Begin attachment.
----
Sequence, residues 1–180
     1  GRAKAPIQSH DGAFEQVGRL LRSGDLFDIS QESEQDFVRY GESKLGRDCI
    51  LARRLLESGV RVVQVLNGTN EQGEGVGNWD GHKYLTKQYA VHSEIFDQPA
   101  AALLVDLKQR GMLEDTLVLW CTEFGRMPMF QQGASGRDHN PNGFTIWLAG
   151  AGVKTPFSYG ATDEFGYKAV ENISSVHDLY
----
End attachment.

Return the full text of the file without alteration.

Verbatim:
Sequence, residues 1–180
     1  GRAKAPIQSH DGAFEQVGRL LRSGDLFDIS QESEQDFVRY GESKLGRDCI
    51  LARRLLESGV RVVQVLNGTN EQGEGVGNWD GHKYLTKQYA VHSEIFDQPA
   101  AALLVDLKQR GMLEDTLVLW CTEFGRMPMF QQGASGRDHN PNGFTIWLAG
   151  AGVKTPFSYG ATDEFGYKAV ENISSVHDLY